It takes guts to write a superhero prose novel. The genre is so inextricably tied to visual media in general and comics in particular that removing the visual element is always going to be a bit of a dicey prospect. So much of the genre's appeal is built around spectacle - the costumes, the battles, etc - and it can be difficult to replicate that in prose. Fortunately, Magno Girl is much more character-oriented than many of these stories, taking advantage of the fact that it's a novel, and Joe Canzano has an impressive ability for describing some truly ridiculous fight scenes.
If you've ever enjoyed an episode of Batman: The Brave and the Bold, you'll probably enjoy the story here. It involves the titular Magno Girl and her biker ninja boyfriend Ron trying to foil a potentially world-ending plot revolving around poisoned pizza. It's full of the sort of weirdness that will be familiar to fans of Silver Age superhero stories, and as long as you can get on the book's admittedly zany wavelength, it's an extremely enjoyable read.
It definitely leaves the door open for a sequel, which would be very welcome, if only to give Canzano the opportunity to fine-tune his writing a little more. There's not much wrong with it for the most part: it's well-structured, the characters are engaging, flawed and likeable, and there are a few Chekhov's Guns whose payoffs are some of the best parts of the book. His descriptions could use a little work, though. Seemingly every t-shirt Magno Girl owns is "clingy", and she's apparently incapable of giving anything other than a "small" smile or a "short" laugh. And this is surely the first time in the history of fiction that someone's vagina has been described as "snazzy".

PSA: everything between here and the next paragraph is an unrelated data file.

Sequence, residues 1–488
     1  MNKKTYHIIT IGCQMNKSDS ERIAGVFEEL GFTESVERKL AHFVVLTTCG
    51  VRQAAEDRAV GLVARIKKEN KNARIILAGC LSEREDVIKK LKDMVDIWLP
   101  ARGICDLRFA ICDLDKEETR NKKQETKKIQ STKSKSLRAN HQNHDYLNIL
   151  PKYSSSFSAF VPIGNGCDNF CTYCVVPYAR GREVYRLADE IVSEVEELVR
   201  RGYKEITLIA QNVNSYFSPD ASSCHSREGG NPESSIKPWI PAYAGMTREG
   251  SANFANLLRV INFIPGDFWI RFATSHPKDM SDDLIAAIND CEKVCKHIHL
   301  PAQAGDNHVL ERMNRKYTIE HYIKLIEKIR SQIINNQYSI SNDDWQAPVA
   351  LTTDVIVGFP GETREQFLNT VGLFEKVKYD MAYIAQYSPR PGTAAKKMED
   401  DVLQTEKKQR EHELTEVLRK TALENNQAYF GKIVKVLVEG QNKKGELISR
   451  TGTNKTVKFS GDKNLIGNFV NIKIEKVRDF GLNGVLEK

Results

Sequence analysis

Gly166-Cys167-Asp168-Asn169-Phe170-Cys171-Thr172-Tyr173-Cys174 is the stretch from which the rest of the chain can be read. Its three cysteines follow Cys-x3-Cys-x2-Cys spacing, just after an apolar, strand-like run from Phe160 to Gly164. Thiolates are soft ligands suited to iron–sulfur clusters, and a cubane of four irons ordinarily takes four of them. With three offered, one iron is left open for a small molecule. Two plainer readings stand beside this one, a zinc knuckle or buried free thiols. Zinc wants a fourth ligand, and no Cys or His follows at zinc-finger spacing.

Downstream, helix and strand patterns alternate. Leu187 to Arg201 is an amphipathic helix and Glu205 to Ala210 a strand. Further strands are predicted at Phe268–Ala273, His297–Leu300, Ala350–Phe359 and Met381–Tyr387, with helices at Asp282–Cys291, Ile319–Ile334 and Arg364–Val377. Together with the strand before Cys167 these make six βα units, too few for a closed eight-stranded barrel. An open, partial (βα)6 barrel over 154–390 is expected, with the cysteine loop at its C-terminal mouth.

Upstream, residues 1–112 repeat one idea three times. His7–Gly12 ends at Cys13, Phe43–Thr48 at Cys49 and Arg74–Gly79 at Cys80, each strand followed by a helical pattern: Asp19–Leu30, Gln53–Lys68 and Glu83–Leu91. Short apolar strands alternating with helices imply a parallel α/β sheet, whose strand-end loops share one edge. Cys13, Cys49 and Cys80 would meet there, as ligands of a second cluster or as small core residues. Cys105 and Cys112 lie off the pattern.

These are fairly minor problems, though, and easily corrected with the help of a decent thesaurus. Frankly, they're very easy to overlook when the book is as funny as Magno Girl is - it's almost magical realist in how no one thinks poison pizza plots and ninjas who frequently use fruit as weapons are in any way strange, and the fact that it's all played so straight without so much as a wink at the reader makes it all the funnier. Canzano's action scenes are a particular highlight because of how absurd they are, from pineapples and fish being used instead of swords to the increasingly bizarre martial arts techniques Ron has learned in his time, such as defeating an enemy by making them jealous with the "stare of the superior sex life".
There's also a lot of satire, and while it's not exactly subtle - more shillelagh than scalpel - there's no denying that it raises a lot of laughs. The entire supervillain plot is dependent on Americans being braindead consumer zombies, with superhero battles frequently surrounded by people eating hot dogs and cheering them on. And in Canzano's characterisation of almost every superhero as a raging egomaniac more keen on filming TV adverts and selling merchandise than actually fighting crime, we have a timely reminder of how unavoidably commercial the superhero genre is. There's just as much money to be made from Spider-Man toys as there is from the films, after all.
Superheroes have dominated comic books for decades, and based on the current evidence they may yet come to dominate the cinema. If you want to try a superhero story that's willing to be a bit different, and which reminds you that the main reason you like these stories is because they're meant to be fun, you should definitely give Magno Girl a look. If nothing else, we need more big-name female superheroes, and we have a great one here.